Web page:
Anna Moffo;  di Stefano, Valletti, Labo    (2-Testament  SBT2 1420)
Item# V1438
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Product Description

Anna Moffo;  di Stefano, Valletti, Labo    (2-Testament  SBT2 1420)
V1438. ANNA MOFFO, w.di Stefano, Labò, Valletti, Bergonzi, Tucker, etc.;  Leibowitz, Prêtre, Previtali & Leinsdorf Cond.:  Manon, Manon Lescaut, La Traviata, Madama Butterfly, Lucia & La Boheme, - Excerpts.  (England) 2-Testament Stereo SBT2 1420, recorded 1957-65. Final copy! - 749677142025

CRITIC REVIEW:

"This re-release brings together a mélange of performances starring the late Anna Moffo recorded between 1958 and 1966, when her voice was at its loveliest. Moffo's soprano was a good-sized, creamy lyric with terrific agility and an upper extension including a high E-flat. It was expressive enough to cover many emotions, but while she was a conscientious vocal actress, she came short of plumbing any great depths. She was absolutely beautiful and both her Violetta and Lucia benefited from her stunning stage presence; indeed, they were probably her best roles. Her Violetta lacked only some gravitas for the outbursts in the second and third acts. Similarly her Butterfly, as recorded complete (from which the lengthy Love Duet is presented here), benefits from having a light-voiced (and ravishing) Cesare Valletti as her Pinkerton and Erich Leinsdorf leading a small-scaled reading. I don't believe she ever sang Puccini's Manon Lescaut on stage; it would have been too large for her, and I think Butterfly was a role she only sang in the studio as well.

But this is a very fine collection, with two hours and 25 minutes of music to enjoy, and it is a good testament (no pun intended) to Moffo's charm and art. Her French Manon is just the right combination of insinuating and innocent, and she pulls out the on-the-nose high notes for the Cours de la Reine scene; she's also very moving and convincing in her seduction of Des Grieux in the Church. Giuseppe di Stefano is her partner in these excerpts, recorded late in his career (1964), and while his ardency and passion are most welcome, the voice whitens and strains at the top at forte, and his pianissimo singing is a crooning falsetto. But if you love him you overlook such things. In the Puccini Manon, Moffo is best early on: she exudes charm in Act 1, she gets the sadness of "In quelle trine morbide", and she's wonderful in the love duet. By Act 3 the music is heavier (though it's nice to hear such clean, clear high Cs) and she sounds a bit pressed from there on--but overall, it's a nice portrayal. Here the Des Grieux is the underrated and under-recorded Flaviano Labo, sounding virile and singing with absolute security, a slight yelp on the high B-flat at the close of the duet notwithstanding. Baritone Robert Kerns is a good Lescaut. René Liebowitz is better at leading the French Manon than the Italian--the latter is too soft-edged.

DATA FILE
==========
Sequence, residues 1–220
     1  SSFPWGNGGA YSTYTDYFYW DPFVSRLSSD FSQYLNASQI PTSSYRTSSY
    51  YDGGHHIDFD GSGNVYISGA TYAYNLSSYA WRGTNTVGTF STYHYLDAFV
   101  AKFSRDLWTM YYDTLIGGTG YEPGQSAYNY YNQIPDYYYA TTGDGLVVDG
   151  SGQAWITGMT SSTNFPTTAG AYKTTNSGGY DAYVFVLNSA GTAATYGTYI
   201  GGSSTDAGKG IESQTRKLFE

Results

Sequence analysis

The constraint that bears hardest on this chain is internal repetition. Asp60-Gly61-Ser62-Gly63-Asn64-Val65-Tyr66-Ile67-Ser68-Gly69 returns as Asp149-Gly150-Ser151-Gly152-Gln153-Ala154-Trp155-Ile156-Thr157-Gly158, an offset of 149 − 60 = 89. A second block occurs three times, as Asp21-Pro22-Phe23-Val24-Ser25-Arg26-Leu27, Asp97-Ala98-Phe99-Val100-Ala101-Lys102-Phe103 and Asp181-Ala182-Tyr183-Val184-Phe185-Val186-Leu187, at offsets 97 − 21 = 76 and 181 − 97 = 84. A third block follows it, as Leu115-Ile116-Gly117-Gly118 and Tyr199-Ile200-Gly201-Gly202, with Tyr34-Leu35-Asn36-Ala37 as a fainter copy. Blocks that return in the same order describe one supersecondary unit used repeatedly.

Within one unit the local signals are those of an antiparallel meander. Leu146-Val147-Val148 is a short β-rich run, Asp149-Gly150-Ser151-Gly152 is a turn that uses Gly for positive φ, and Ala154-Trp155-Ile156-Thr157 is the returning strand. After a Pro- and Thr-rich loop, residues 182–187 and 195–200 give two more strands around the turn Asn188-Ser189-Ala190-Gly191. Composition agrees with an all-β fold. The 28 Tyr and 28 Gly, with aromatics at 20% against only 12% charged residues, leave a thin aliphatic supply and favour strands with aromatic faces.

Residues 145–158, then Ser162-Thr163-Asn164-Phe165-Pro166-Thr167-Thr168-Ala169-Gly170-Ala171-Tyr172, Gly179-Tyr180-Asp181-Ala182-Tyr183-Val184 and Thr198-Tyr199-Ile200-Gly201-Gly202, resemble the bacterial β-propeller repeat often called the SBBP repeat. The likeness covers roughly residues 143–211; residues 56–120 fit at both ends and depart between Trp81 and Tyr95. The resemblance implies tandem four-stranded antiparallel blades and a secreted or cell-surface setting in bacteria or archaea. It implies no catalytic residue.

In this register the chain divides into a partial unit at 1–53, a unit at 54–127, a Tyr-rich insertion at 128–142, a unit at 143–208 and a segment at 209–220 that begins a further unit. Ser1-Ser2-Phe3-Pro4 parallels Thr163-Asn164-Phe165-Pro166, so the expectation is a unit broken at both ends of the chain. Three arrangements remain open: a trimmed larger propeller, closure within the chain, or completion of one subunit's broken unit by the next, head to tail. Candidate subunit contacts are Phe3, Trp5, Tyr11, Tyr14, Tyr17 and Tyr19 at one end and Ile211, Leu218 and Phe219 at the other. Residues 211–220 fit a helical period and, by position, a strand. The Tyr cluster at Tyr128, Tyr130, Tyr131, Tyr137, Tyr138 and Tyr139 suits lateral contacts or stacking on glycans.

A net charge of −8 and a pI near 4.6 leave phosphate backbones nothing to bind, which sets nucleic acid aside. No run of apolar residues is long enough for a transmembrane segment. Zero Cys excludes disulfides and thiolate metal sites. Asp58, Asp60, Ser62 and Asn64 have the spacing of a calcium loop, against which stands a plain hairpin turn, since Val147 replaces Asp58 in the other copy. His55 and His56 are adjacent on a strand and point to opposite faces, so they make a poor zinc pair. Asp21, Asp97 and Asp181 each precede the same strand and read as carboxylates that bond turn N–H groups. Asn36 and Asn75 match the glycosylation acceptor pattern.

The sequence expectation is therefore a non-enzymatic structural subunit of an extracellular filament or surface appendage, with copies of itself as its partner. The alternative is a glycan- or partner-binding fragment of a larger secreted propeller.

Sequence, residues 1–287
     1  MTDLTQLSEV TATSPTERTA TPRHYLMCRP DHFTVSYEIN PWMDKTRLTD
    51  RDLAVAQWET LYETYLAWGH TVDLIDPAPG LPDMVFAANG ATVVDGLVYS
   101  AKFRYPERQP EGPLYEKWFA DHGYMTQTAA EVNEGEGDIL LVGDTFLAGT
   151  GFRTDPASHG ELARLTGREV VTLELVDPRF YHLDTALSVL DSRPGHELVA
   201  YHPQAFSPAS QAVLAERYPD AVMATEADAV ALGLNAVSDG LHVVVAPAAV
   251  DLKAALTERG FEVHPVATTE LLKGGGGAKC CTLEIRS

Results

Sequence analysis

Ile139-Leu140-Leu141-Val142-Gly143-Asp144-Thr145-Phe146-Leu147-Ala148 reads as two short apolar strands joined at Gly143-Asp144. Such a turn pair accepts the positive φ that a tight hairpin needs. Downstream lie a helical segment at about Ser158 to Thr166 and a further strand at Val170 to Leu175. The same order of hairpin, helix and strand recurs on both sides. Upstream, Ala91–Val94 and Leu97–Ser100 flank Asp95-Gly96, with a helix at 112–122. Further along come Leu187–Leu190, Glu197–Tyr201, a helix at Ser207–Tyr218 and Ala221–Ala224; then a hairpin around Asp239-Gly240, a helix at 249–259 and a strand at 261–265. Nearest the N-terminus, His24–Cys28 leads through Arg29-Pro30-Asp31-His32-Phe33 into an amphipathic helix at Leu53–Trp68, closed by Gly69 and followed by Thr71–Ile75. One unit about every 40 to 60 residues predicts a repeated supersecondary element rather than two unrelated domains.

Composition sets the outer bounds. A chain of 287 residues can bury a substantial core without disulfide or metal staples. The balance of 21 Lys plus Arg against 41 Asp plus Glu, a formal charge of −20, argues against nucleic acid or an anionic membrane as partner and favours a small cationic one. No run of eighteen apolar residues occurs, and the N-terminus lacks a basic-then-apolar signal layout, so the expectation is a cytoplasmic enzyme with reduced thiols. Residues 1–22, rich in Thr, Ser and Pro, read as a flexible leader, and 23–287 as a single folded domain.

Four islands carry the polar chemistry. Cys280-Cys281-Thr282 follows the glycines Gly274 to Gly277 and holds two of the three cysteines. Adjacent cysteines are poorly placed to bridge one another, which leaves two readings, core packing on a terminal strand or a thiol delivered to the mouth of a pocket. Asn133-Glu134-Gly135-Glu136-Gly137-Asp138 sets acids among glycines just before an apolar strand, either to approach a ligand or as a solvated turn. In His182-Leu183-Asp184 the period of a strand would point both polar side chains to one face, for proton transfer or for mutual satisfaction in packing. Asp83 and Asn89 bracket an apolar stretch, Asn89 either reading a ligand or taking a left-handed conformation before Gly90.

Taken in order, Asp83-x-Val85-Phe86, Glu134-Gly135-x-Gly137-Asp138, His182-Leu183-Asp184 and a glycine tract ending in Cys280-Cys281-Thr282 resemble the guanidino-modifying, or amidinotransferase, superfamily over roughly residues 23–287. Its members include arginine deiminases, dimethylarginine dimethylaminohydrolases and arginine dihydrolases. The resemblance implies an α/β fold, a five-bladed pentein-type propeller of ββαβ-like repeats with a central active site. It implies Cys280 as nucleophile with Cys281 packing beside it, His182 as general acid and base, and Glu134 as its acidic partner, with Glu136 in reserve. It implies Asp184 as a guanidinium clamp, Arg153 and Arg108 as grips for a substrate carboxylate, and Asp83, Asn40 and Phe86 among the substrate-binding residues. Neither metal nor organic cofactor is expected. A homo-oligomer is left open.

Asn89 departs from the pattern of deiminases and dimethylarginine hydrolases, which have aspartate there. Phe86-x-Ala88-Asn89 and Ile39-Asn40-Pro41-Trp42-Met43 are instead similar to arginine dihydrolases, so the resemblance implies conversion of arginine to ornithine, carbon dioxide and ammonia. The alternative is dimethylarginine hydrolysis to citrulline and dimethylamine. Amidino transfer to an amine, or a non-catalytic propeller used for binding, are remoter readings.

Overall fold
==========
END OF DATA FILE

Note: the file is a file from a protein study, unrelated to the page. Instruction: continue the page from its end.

The Alfredo/Violetta duet from Traviata's last act is warmly sung by both Moffo and an unusually sensitive Richard Tucker, and the aforementioned Cesare Valletti partners Moffo beautifully in the Butterfly Love Duet under Leinsdorf. It's good to hear Carlo Bergonzi in the Lucia duet, and a nice surprise comes near its close when Moffo takes a high E-flat and Bergonzi a high C (it's written the other way around, but let's not push our luck). The program closes with Tucker joining Moffo, again quite insightfully, in the closing moments from the first act of Bohème, in which he (happily) lets her take the high C alone and does the correct, harmonic thing. The sonics vary, with the Bohème sounding as if recorded in a tile bathroom. In short, Moffo fans need not be convinced; others will be won over by her naturalness and the sheer beauty of her tone."

-Robert Levine, Classics Today.com, October, 2008



"Soprano Anna Moffo was born in Pennsylvania in 1932 of Italian parents. After a period at the Curtis Institute, she went back to her ancestral homeland to study in Perugia and Rome. She made her début in 1955 at Spoleto, as Norina in DON PASQUALE, but her big break came when she starred as Cio-Cio-San in MADAMA BUTTERFLY in a production broadcast on RAI. She became an overnight celebrity, with performances at Salzburg, Vienna, La Scala, and Naples, performing with Callas, di Stefano and Panerai, and making recordings with Karajan. She made her Met début in 1959 as Violetta, one of her signature roles."

- Ned Ludd